excuse the dust

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  • Added on: April 27th, 2011
Wow! Thank you so much!


Tortuga_traveller wrote:I now have a set of clothes I can put together in a hurry for any trip to a temperate or warm climate.

They consist of-
Silk shirts(they wash by hand well, keep you warm in the cool, keep you cool in the warm)
Long sleeved shirts made of a loose weave
Long pants(I like the travel pants that are zipaways. Not because I zip them away, because they dry fast, and are reasonably tough
One pair of shorts, maybe two
regular bathing suit
Short sleeved shirts
a wool sweater or two
a fleece type jacket(now I use something with polartec in it, its lighter)
A waterproof, windproof shell(Used to take my old winter shell and lightweight one, but the winter shell got lost, and I don't want to pay the over 150 dollars to replace it unless I intend to live in winter regions again.)
and yes, Hanes underwear, though lately I've taken to cotton briefs with color patterns.

I DO try to only travel with either silk sock liners for serious hiking, or wool socks, of varying degrees of thickness. Wool socks, especially the sweat-channeling ones, are definitely worth investing in. They wash out well, dry out reasonably fast depending on thickness, and don't smell up like polyester, or fall apart in 3 weeks like cheap cotton-polyester socks. I am partial to Smartwool but other brands do exist. They make socks like Coolmax for hot weather, temperate climate socks, and cold weather socks. I carry all three kinds on a RTW. Can't have too many socks, since if you have too few, you get foot fungus faster from overuse, thanks to not having time to wash them. There is nothing colder than being in cold weather with wet socks, so you need as many changes in cold weather, believe it or not. Especially since you can't wear open air shoes that lets the sweat breathe out.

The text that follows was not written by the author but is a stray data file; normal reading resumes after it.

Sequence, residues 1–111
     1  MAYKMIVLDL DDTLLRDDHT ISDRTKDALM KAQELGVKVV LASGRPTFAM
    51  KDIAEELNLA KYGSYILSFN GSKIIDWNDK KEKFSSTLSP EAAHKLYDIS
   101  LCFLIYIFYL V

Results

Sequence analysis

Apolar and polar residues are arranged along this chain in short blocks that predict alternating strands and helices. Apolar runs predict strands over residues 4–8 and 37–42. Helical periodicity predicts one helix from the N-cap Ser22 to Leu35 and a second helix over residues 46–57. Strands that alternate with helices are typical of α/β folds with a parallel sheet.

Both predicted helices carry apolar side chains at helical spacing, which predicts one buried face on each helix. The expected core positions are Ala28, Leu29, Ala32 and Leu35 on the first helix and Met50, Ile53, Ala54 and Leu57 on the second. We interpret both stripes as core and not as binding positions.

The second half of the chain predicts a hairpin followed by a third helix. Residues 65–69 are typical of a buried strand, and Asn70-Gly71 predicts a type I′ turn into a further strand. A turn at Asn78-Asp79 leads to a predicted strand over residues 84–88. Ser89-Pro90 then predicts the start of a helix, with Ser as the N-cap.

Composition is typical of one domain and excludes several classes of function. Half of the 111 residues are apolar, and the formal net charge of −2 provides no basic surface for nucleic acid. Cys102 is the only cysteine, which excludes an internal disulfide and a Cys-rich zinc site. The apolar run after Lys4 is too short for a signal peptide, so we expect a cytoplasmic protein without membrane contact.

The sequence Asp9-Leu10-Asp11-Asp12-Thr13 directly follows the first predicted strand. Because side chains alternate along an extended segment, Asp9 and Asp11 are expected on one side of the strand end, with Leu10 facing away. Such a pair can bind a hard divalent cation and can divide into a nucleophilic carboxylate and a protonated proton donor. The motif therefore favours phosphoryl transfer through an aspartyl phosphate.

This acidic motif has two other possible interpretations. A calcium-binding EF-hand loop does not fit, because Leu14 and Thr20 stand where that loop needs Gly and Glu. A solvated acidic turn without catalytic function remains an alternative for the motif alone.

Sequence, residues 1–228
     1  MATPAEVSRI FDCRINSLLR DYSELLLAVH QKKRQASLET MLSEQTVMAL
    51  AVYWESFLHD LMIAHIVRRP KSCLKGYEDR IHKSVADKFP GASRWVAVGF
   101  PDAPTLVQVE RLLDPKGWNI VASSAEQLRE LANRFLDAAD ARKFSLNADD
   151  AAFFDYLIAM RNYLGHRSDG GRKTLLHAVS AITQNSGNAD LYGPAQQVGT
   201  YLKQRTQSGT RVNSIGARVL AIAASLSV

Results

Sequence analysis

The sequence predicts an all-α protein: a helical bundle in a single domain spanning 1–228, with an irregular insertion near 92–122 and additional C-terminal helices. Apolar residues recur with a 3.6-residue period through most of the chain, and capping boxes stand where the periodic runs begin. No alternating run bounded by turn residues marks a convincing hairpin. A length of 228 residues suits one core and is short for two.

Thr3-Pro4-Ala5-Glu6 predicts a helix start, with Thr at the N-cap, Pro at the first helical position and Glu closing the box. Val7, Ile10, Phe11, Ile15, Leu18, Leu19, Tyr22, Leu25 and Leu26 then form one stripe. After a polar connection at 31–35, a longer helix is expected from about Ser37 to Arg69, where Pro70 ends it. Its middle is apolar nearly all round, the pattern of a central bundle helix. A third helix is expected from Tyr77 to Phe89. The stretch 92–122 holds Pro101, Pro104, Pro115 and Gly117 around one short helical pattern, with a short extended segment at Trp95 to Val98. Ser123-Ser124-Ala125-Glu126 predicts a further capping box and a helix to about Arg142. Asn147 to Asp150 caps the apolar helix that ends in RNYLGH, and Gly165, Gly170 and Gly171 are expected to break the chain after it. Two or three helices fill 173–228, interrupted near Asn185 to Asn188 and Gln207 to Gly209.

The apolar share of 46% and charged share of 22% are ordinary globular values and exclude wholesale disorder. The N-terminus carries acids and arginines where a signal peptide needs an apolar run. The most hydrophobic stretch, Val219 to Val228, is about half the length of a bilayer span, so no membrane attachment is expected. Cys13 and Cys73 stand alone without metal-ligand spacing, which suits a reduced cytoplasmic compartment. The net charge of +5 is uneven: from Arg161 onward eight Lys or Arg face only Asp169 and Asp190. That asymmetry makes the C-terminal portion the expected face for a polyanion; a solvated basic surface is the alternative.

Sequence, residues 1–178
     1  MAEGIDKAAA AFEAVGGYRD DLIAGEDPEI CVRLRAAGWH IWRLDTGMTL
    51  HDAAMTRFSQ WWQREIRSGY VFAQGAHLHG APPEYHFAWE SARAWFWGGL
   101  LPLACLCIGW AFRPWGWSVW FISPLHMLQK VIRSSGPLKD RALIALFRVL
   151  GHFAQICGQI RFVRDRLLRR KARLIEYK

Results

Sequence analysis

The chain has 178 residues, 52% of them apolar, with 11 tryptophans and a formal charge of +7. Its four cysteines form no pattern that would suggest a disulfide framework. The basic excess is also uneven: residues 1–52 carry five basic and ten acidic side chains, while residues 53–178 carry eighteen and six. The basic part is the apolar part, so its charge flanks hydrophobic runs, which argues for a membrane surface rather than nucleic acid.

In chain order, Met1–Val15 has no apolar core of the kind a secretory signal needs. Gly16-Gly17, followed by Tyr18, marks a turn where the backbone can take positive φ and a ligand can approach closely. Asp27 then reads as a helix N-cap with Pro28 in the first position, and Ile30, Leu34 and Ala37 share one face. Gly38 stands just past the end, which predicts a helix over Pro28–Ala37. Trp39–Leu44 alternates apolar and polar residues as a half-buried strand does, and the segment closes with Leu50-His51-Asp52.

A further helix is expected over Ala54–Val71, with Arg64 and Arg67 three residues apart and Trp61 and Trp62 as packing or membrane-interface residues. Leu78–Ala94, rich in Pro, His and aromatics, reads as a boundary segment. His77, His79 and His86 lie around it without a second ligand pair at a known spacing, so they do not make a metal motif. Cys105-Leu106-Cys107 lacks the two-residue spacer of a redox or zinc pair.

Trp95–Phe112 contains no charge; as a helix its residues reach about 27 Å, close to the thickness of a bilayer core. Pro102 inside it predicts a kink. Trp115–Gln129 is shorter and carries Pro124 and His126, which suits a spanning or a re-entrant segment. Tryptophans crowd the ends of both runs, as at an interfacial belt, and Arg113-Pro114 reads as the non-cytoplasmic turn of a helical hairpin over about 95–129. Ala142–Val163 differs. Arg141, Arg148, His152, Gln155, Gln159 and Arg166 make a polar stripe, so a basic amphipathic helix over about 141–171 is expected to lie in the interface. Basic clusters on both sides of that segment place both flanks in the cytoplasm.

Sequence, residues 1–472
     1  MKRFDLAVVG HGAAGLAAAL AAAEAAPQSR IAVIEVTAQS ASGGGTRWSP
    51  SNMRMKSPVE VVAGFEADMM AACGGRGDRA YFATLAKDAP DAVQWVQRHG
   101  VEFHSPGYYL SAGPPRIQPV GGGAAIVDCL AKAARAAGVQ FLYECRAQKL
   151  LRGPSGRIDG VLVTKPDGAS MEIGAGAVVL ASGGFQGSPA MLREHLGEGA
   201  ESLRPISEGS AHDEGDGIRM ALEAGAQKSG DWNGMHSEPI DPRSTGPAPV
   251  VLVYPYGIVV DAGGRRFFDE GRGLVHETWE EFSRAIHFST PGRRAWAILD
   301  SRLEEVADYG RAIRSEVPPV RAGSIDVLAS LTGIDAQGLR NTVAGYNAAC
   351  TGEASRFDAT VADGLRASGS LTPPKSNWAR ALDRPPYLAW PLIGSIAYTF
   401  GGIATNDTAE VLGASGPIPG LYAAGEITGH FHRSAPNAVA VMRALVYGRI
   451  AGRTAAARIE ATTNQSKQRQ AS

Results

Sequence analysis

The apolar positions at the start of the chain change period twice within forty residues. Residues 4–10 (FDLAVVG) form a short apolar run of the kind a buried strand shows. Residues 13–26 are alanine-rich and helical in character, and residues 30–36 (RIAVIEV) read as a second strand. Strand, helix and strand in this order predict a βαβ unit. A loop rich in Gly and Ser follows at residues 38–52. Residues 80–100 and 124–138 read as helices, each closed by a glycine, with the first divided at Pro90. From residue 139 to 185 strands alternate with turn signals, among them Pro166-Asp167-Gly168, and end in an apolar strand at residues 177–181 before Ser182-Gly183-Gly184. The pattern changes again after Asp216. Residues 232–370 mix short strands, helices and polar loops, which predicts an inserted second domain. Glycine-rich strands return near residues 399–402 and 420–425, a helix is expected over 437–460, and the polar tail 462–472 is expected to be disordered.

In short, unless you're going to Alaska, the north pole, Patagonia, or climbing icy mountains, the clothes for a temperate environment plus the clothes you can get while travelling(often the best for the region) will do just fine. One of these days I'll break down and take only what I'm wearing,my passport and money, and see what I can do with that. Maybe a sweater and a waterproof in the daypack, just to be sure. If I feel like taking weight, I can add ONE change of clothes and wash a lot. I've done it before on the Camino de Santiago. it took time, but there is a feeling of freedom attached to moving so lightly.

vagabondette74

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Location: San Cristobal Mexico currently

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  • Added on: April 27th, 2011
I generally travel with normal and cheap clothes. This is because I generally lose significant amounts of weight while traveling so I have to buy clothes while on the road. So, I'll got to walmart and get a pair of pants for $10 and just about when they're wearing out is when they'll be too big to wear so I'll buy something locally.
Traveling through Mexico and Central America starting in January '09. Hit me up if you want to meet!

excuse the dust

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Joined: December 28th, 2010
Location: Florida

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  • Added on: April 28th, 2011
vagabondette74 wrote:I generally travel with normal and cheap clothes. This is because I generally lose significant amounts of weight while traveling so I have to buy clothes while on the road. So, I'll got to walmart and get a pair of pants for $10 and just about when they're wearing out is when they'll be too big to wear so I'll buy something locally.

I'm in the same boat where I lose weight when I travel. This is why I'm hesitant to invest in expensive clothing. Glad to see I'm not the only one.